Animation showing a comparison between the excavation plan, the direct archaeological evidence (digitally elaborated in 3D at the foundation level), the point cloud from 3D laser scanning of the (re)construction at Gyrwe, and a conceptual model derived from the point cloud in AutoCAD. Image of the plan: © O’Brien & Miket 1991: 63, fig. 3 (https://archaeologydataservice.ac.uk/library/browse/details.xhtml?recordId=3078051).

The (re)construction of Building A from Thirlings at Gyrwe farm in Jarrow was built between 1994 and 1997.  

This project helped the museum to show what rural life may have been like at the time of Bede by scientifically reconstructing the building using archaeological evidence. It required an exceptional range of information and provided an opportunity to answer many questions about the process, such as the amount of material needed and how many people were needed to build it.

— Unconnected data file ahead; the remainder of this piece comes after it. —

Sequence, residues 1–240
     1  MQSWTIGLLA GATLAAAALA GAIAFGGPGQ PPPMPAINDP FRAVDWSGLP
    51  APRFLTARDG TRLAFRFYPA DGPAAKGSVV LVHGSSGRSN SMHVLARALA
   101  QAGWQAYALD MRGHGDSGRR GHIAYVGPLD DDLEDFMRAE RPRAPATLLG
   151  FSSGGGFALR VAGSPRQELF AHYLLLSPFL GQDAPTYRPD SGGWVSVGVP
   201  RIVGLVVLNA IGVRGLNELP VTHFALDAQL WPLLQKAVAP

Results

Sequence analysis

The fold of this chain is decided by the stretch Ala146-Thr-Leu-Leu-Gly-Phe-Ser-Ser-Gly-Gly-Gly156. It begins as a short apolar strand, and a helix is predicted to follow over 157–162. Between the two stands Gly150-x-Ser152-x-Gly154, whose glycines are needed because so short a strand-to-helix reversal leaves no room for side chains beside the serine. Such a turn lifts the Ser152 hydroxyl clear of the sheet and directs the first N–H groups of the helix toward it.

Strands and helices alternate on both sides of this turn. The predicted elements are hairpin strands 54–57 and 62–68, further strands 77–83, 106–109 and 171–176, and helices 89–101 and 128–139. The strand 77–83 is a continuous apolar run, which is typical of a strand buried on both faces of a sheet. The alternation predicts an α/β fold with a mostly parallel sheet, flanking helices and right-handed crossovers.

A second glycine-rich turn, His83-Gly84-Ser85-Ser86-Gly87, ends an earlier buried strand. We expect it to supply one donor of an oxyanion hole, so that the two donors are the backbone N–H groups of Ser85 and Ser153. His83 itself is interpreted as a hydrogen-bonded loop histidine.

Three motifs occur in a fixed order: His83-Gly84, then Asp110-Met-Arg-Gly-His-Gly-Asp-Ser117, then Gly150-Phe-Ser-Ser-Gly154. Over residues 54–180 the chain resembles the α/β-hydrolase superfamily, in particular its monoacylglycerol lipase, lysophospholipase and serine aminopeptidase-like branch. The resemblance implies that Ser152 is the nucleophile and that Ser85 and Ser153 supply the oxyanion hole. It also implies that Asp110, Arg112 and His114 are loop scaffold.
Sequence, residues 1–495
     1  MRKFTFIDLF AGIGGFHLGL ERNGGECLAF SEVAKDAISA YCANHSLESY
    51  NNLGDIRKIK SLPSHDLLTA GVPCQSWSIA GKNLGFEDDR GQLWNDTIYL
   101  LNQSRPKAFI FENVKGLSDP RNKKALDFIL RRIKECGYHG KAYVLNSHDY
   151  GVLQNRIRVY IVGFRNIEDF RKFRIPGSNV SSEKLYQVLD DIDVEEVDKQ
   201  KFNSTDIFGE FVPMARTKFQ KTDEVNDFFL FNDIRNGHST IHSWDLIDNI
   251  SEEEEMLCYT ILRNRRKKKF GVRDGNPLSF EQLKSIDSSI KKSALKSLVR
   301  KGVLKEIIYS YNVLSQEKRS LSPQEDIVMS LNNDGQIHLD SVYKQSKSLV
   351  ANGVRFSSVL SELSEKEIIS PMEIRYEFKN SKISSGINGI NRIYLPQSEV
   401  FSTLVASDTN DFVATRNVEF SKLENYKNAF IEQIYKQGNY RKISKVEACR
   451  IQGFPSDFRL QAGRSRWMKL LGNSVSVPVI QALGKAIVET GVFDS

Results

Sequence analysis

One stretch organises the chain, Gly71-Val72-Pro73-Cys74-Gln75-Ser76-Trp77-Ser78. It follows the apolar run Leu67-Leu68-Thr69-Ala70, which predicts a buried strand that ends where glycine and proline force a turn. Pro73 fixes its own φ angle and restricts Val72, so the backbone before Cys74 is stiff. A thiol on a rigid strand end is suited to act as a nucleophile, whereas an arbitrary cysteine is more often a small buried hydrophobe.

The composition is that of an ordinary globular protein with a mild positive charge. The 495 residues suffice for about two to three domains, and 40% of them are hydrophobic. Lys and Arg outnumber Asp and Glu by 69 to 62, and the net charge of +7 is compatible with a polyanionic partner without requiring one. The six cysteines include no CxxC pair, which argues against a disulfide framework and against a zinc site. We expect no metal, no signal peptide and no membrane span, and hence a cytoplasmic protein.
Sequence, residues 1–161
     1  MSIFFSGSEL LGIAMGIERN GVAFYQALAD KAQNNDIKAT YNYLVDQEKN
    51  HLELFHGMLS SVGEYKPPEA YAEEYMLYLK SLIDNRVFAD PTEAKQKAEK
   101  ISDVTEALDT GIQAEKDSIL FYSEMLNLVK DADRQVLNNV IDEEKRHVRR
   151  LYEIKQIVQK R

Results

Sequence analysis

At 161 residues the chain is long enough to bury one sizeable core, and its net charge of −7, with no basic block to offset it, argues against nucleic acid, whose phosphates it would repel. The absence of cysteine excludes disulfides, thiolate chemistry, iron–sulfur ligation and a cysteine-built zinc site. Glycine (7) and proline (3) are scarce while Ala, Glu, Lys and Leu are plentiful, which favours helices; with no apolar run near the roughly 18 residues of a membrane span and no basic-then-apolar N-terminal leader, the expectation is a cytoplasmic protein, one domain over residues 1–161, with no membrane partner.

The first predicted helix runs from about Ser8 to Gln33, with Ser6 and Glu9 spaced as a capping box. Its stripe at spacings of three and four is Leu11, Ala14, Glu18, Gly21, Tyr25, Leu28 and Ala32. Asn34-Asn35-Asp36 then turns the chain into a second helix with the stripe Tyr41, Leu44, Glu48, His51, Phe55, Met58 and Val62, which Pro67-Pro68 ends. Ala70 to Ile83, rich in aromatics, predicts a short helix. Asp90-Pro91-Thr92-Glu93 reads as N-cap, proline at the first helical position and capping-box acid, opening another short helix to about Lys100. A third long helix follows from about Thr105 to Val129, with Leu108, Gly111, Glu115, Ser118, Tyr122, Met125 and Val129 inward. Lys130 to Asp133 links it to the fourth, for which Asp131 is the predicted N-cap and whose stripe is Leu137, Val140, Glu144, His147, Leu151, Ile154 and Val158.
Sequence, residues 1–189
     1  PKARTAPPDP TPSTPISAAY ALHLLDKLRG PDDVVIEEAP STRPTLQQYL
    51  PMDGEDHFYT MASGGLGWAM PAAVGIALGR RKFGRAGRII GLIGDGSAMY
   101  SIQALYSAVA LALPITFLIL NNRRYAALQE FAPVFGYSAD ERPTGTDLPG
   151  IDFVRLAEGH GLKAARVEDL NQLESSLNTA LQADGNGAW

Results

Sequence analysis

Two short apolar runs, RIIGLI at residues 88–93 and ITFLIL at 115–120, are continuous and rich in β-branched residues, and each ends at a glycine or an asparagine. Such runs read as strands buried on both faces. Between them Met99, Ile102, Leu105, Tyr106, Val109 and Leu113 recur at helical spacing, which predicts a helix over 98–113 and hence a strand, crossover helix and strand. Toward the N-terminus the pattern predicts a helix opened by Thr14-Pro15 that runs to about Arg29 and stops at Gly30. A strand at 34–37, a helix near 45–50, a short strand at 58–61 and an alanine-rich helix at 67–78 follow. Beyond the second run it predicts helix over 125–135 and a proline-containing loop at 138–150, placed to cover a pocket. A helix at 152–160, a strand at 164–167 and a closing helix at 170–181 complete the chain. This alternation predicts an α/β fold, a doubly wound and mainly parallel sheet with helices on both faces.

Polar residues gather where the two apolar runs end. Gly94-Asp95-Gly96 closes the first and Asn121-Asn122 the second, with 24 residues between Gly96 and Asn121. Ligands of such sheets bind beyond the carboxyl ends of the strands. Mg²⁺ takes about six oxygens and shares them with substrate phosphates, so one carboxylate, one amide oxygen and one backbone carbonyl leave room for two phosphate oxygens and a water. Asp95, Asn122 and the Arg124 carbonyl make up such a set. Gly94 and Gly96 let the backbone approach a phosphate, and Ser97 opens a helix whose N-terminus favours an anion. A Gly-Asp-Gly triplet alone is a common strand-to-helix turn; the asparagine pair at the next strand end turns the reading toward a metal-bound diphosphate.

Trenches the same size as the ones around Building A at Thirlings were excavated by hand at Gyrwe to test the most likely early medieval workload. 31 upright oak timbers were positioned in the trenches according to the excavation plan, and 5 were added to them in the gaps where the archaeological record may have been destroyed. The walls were made with wattle and covered by daub and lime wash, with two small windows inserted on one side. The structure was then covered by a pitched thatched roof supported by 66 ash poles and 7 internal posts. The floor is made from clay, with a hearth near the windows.

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